Preppers are noticing that items they could once stock easily are now in short supply. Some of these items now have inflated prices due to high demand, while other products are hard to get no matter what. If you come across any of the following items, you might want to seriously stock up before things get even worse.
Long the choice of preppers everywhere, .22 ammo is not only good for defending oneself WTSHTF, but it will probably be an excellent form of currency after government collapse. .22 ammo can be used in the most popular types of firearms.
The increased demand from preppers, combined with the fact that more and more people are investing the time in learning how to shoot has created a high demand. At least that is what the media is telling us. Unfortunately, manufacturers have not stepped up the game. Most manufacturers claim that they are operating at full capacity.
There is speculation that manufacturers are taking advantage of the increased demand to increase prices as well, offering their ammo for sale online, direct to the buyer. As a result, retail stores may not be getting enough stock. When stock does come in, some savvy sporting goods store employees may be snapping it up and then selling it at gun shows or again, direct to the buyers, with inflated prices. In a typical scenario, stores can sell out their .22 ammo is 15 minutes or less.
One option that some preppers, and shooting enthusiasts, are turning to is the reloading kit. This DIY solution usually comes with a crimping tool and other supplies to allow you to reload bullets.
Saline solution, yes salt water, has been on the drug shortage list since 2013. Most sterile saline solution is used to start IVs and dilute other drugs. The shortage is so bad that some desperate hospitals have been substituting their “training” solution in patients, with some adverse consequences. About 20 million intravenous saline IV bags are used nationally each month, according to the FDA.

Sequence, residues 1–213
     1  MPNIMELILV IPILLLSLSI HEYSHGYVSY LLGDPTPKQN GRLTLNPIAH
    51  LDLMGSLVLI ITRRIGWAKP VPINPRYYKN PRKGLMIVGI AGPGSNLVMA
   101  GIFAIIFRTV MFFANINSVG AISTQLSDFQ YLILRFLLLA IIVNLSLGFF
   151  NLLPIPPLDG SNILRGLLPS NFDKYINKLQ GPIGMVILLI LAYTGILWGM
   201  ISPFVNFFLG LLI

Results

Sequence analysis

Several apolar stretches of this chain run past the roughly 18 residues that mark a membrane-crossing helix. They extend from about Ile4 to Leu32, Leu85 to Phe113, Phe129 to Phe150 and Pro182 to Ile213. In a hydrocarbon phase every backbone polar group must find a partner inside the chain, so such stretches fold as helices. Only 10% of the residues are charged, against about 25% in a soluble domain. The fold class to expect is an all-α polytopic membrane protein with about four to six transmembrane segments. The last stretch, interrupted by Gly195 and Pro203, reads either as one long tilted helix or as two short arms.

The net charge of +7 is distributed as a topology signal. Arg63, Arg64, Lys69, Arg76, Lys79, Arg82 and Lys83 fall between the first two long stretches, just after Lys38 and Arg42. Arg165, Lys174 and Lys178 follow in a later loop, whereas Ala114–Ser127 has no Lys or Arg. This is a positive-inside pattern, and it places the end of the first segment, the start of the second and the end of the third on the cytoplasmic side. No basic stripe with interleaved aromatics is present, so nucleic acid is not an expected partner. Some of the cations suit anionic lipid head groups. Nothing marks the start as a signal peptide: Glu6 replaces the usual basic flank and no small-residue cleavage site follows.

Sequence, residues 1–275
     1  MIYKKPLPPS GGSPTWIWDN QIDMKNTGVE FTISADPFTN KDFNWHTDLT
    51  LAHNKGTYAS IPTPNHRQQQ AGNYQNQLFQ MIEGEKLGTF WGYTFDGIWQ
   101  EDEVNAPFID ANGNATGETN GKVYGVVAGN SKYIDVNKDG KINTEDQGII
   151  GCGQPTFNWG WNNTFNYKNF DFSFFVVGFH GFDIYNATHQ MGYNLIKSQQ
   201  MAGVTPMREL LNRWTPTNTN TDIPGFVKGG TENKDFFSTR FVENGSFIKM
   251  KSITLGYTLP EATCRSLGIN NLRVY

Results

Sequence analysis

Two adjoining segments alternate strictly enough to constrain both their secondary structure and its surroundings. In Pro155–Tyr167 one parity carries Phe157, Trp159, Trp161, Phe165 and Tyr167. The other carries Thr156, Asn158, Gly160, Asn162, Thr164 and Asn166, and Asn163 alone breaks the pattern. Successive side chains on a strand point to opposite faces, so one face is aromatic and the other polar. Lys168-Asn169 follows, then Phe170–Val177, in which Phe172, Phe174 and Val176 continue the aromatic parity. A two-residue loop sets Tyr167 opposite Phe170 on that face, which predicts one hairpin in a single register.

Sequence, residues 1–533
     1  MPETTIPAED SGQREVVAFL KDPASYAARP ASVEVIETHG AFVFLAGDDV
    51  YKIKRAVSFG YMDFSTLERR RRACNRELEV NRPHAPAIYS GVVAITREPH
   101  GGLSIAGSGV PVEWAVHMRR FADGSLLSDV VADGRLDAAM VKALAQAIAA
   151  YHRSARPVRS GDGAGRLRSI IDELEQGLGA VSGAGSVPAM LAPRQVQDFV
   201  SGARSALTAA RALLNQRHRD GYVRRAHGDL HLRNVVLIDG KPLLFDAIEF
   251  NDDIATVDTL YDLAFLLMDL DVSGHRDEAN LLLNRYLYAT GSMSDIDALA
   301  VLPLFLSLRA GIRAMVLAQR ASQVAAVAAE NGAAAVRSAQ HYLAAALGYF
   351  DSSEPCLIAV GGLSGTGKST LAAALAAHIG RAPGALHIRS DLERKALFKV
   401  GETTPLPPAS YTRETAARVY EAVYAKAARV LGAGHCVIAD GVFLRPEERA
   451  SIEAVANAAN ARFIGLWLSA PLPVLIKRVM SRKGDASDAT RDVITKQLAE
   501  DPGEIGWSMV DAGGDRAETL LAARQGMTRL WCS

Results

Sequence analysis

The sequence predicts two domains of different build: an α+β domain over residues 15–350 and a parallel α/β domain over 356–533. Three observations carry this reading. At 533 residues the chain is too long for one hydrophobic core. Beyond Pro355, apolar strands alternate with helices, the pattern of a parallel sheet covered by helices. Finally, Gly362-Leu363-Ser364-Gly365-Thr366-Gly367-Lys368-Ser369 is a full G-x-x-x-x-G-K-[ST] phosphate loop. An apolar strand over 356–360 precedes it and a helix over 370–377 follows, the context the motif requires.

Sterile saline solution can be used for other purposes, such as rinsing contact lenses, for nasal irrigation and for wound irrigation. It is also used in lab experiments.
The FDA says that the shortage is due to a spike in demand but won’t say where that increased demand is coming from. Currently, there are only three US saline manufacturers and no end to the shortage in sight. The FDA says they are evaluating foreign manufactures to help increase supply.
Preppers should stock basic saline solution for rinsing out eyes or for rinsing wounds. For this, the store brand stuff sold for contact use is fine, as long as it doesn’t contain other detergents or chemicals. Check expiration dates, because saline solution is not known for having an extra long shelf life.
If you can get it, the real .09 percent saline solution in IV bags would be the ultimate prepping supply, providing valuable fluids for treating dehydration, blood loss, a heart that is beating too fast, or to help provide a steady supply of antibiotics. Unfortunately, this type of saline requires a prescription, so most preppers may be out of luck there.
Check back often as we add new items we predict will become scarce.